TREES at a popular beauty spot will have to be cut back or felled after becoming infected with deadly disease.

Work begins this week at the Knapp and Papermill nature reserve on trees infected with ash dieback.

The work is likely to take three weeks and all paths will remain open though the picnic area will be shut during part of the work.

Dominique Cragg, reserves officer responsible for the management of the nature reserve, said: “Ash dieback arrived in Worcestershire a few years ago and is now here to stay.

"We take it seriously but don’t wish to eliminate all ash trees from our nature reserves as we’re hoping to find ones that are resistant to the disease.

“Away from footpaths and roads, we intend to leave ash trees to stand as deadwood, an important habitat for wildlife.

"Where they are a potential hazard, however, we have to take action.

"Even with regular safety inspections, the disease can cause an infected tree to unexpectedly lose a limb or fall over.

“We are currently working at The Knapp and Papermill nature reserve for the next three weeks to undertake some of this felling work.

"Where possible we will reduce the height of some trees rather than remove them entirely and we’ll also be creating habitat piles with felled timber and chipping some of it to use as mulch around newly planted fruit trees in the orchard.”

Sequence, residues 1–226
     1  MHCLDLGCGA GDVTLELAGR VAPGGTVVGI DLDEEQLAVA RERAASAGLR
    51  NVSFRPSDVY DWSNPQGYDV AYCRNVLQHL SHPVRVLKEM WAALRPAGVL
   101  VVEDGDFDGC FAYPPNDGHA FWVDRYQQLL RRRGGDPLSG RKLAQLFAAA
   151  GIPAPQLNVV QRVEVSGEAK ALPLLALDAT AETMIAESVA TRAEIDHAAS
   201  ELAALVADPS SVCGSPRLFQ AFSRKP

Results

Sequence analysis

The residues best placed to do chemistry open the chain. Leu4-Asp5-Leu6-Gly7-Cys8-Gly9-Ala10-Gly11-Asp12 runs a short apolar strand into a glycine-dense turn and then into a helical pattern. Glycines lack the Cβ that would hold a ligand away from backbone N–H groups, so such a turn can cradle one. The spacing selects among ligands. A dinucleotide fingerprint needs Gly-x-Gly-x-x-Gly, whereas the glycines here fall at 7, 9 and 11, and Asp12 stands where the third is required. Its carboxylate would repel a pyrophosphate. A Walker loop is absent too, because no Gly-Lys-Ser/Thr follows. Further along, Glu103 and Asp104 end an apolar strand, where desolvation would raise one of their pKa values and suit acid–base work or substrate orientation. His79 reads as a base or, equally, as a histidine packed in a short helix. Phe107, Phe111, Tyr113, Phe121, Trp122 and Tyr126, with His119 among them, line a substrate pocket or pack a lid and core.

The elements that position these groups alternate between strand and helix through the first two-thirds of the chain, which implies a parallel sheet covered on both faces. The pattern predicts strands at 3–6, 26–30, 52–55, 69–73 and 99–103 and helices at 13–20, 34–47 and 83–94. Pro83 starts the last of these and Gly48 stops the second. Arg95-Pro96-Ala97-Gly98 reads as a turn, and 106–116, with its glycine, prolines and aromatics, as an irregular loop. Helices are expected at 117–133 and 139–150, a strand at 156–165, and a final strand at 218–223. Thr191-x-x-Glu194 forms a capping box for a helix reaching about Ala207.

Trees infected with ash dieback pose a safety risk at the beauty spot near Alfrick as the wood turns brittle and starts to break from the inside.

Any ash trees that are close to paths or public access areas are being closely monitored and will be managed if they show signs of significant infection.

Walkers are asked to speak with contractors if they are unsure whether they can walk through an area or not.

Any ash trees growing away from the high risk area will be left untouched.

This will most likely require felling the whole tree but Worcestershire Wildlife Trust, which manages the site, said they also hoped to leave the main trunk standing and given a special treatment to 'veteranise' it.

Features such as rot holes and cracks seen on older trees will be created to encourage wildlife.

Habitat piles will also be created with the felled timber and chippings will be used to create mulch for newly planted fruit trees in the orchard.